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In Northern Colombia, LGBT Rights Meet Indigenous Prejudice

'Alternative' sexuality is despised in the traditionalist, native or Afro-Caribbean communities of northern Colombia. The choices for gays and lesbians tend to be harsh: face down your family and neighbors, or leave.

Pride day has never been more important in Colombia
Pride day has never been more important in Colombia
Joseph Casañas

CARTAGENA — Prejudice "is an everyday thing," says Tania Duarte, a gay community leader in Cartagena, the historic port and resort on Colombia's Caribbean coast.

Her gait is firm and determined, as she steps on the hot pavement in Barranquilla, a nearby city where we spoke. She takes short steps as if preparing to march in protest, and live. It is Gay Pride day here, and she ditched her fears a long while back. This transgender woman studied philosophy at the University of Cartagena.

She's no victim, and is clear on things. She understands that belonging to the LGBT (gay, lesbian and transsexual) community in Cartagena where she was born 25 years ago, is "all screwed up... though my family doesn't understand much about all this, when they see news and find out they discriminated against or killed someone from the community, they worry because they know perfectly well it could have been me." In 2017, 109 members of the LGBT community were murdered.

The first Meeting of Afro-Caribbean and Indigenous LGBT leaders from the regions of La Guajira, Cartagena and Tumaco, organized by the NGO Caribe Afirmativo, identified 10 "invisible barriers' to this community's advancement. The most prevalent were racism and low educational levels.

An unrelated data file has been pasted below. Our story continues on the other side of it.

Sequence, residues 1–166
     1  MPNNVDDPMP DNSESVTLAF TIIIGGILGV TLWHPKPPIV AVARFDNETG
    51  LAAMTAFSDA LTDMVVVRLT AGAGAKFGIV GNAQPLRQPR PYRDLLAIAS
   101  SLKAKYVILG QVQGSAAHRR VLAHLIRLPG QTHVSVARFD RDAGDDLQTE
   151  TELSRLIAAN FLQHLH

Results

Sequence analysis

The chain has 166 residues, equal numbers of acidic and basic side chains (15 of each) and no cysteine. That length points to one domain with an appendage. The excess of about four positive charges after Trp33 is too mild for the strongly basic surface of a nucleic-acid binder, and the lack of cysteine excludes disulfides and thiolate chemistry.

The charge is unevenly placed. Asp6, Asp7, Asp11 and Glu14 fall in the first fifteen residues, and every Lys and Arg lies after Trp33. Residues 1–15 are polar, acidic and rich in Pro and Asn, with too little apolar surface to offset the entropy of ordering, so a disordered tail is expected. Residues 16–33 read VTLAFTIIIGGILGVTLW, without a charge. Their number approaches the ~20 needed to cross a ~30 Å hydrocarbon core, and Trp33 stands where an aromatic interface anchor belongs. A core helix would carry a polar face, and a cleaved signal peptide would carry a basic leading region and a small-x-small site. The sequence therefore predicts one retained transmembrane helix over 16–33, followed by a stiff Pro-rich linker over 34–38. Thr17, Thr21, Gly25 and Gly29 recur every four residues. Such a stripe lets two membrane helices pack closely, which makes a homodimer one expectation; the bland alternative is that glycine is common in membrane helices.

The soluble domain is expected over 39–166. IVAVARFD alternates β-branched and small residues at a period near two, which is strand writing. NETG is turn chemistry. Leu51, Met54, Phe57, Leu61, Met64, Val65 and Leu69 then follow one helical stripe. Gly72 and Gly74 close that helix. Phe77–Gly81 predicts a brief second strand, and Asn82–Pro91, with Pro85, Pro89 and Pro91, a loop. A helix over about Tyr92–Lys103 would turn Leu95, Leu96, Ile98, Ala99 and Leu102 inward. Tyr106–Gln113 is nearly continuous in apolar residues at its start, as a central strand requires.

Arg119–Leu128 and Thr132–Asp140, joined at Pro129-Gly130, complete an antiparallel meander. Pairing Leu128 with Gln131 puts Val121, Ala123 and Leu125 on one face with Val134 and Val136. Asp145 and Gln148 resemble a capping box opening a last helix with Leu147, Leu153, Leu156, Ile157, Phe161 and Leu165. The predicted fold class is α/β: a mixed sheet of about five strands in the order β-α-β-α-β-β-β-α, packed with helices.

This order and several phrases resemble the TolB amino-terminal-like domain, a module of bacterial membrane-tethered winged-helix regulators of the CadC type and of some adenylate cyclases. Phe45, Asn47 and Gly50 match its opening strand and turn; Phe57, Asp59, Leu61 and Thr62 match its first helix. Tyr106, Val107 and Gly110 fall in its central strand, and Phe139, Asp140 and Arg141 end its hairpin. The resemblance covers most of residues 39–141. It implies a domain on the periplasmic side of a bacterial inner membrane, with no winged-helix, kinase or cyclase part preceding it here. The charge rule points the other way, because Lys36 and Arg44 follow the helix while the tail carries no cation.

Tania adjusts her dress and fixes her turban to avoid hair curls dangling over her face. Paradoxically, she says, "the Palenqueros and Raizals are the most racist ethnic groups," referring to local Afro-Caribbean communities. "We treat each other really badly, but that too is because of a lack of effective education models and of rigor in recognizing ourselves ethnically."

For the way she speaks and her clarity of expression, Tania has gradually become a spokeswoman for the LGBT population in Cartagena, capital of the Bolívar department, and that has its risks. Colombia is seeing a significant rise in homicides, threats and forced displacements, among other rights violations, directed at defenders of LGBT rights. In 2017, 60 threats were registered against LGBT persons, while Caribe Afirmativo counted a unprecedented increase over 2016-2017 from six to 26, of threats against LGBT rights defenders and their organizations. "I am not breaking any paradigms with my leadership," Tania says. "There are many trans women who have taken their path and thanks to them, regardless of what they did, whether they were hairdressers or sex workers, it is now easier for me to go out the house."

Within the Afro-Caribbean context, the LGBT identity is made invisible as many in black communities think "this' came from the white man and thus, does not happen among black people or if it does, it is due to interaction with whites who have sought to export their "deviations' to other communities.